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Meet Barry. Each morning Barry walks into work. A blurry eyed stare and an expression that warns if you ‘ask me how I am’ this morning you’ll likely get a FML response. Barry hasn’t always been like this. Just to get him into work mode each morning he treats himself to a supersonic dose of taurine and caffeine in a can. All to simply find a morsel of motivation to log on.  

After 4 years of dealing with a reporting that line that won’t listen, a micro manager directly above him and a macro manager who finds a way to make everything their idea, Barry has been crushed into towing the line. Just getting paid to be there and get through the days of turmoil.

It’s a far cry from when he first started. He had a flurry of ideas. The more he spoke to customers the more opportunity he saw to really improve things for them and for everyone around him. To strive for some positive results by helping those they serve. But time and time again Barry was reminded of the real purpose of going to work and that was “shareholder value”. Ba-bum! Since then its been clock in, but mentally check out.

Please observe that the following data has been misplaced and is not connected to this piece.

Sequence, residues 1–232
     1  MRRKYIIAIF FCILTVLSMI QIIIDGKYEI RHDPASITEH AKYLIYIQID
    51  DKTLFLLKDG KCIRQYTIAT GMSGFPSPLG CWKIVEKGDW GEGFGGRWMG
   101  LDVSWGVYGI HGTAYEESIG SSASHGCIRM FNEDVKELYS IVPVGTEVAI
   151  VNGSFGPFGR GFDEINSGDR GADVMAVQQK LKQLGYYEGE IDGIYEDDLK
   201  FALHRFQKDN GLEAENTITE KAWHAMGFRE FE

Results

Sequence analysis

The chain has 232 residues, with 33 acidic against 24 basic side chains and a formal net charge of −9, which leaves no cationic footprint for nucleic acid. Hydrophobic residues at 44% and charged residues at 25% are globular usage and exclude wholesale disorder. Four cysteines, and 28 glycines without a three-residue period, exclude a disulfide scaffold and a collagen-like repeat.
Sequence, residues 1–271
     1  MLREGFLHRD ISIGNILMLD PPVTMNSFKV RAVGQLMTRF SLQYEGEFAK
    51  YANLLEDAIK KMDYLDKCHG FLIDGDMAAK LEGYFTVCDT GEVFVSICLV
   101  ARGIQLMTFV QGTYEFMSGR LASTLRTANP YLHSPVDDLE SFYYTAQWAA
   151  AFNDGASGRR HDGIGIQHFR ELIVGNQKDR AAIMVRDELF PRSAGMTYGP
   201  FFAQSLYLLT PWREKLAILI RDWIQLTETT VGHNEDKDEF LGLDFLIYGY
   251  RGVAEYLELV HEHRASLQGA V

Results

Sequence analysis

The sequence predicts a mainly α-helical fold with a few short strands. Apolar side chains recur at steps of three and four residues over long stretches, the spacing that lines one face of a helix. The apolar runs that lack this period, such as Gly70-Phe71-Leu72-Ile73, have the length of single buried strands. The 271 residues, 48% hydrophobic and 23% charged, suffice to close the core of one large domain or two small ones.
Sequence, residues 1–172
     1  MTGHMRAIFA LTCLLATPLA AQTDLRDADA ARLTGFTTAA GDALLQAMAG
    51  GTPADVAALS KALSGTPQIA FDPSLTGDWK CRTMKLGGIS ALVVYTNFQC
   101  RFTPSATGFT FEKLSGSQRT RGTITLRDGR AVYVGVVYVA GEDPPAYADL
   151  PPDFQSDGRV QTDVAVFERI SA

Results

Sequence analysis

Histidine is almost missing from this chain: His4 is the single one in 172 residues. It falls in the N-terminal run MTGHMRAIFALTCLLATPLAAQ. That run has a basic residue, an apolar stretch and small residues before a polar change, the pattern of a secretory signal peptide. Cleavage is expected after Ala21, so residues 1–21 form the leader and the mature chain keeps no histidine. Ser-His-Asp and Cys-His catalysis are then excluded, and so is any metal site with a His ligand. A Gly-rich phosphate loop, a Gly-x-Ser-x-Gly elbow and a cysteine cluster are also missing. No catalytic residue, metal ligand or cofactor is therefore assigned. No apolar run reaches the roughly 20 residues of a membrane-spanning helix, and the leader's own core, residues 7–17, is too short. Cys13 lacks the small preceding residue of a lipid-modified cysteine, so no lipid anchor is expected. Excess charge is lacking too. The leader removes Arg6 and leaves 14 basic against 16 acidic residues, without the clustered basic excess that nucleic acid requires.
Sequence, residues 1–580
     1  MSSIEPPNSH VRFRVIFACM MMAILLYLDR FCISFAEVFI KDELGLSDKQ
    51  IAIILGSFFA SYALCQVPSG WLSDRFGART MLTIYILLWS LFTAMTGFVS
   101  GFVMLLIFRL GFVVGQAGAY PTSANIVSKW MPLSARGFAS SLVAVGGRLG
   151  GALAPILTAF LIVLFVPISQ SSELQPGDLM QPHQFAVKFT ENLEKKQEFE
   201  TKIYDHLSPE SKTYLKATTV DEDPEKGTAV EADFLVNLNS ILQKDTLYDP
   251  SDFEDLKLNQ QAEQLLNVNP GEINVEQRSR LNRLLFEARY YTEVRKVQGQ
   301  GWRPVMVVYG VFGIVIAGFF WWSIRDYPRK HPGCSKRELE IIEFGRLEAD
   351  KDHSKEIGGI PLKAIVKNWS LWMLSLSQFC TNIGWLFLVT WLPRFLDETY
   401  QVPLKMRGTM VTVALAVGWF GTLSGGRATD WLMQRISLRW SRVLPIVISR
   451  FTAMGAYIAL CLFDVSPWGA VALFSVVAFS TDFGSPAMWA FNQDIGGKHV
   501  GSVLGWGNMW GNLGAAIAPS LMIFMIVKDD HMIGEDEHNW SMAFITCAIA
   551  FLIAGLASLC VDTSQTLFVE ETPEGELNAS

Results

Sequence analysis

What I’ve described her is an amalgamation of examples I’ve experienced or watched others experience. There’s a graveyard of unhappy employee experience I’ve seen over my career and I want to share this with you today because this is not a happy place. Your staff don’t want to be at work and as such they loose their connection with each other but more importantly with YOUR customers. Happy staff deliver many benefits but none surpass the direct correlation to delivering happy customers.

Happiness and kindness is contagious and it effects every organisations bottom dollar.  

Olivia O’Connor

Can Barry in his disengaged state deliver the outstanding experience you are hoping for with your customers? Ding, ding, ding…. No is the answer.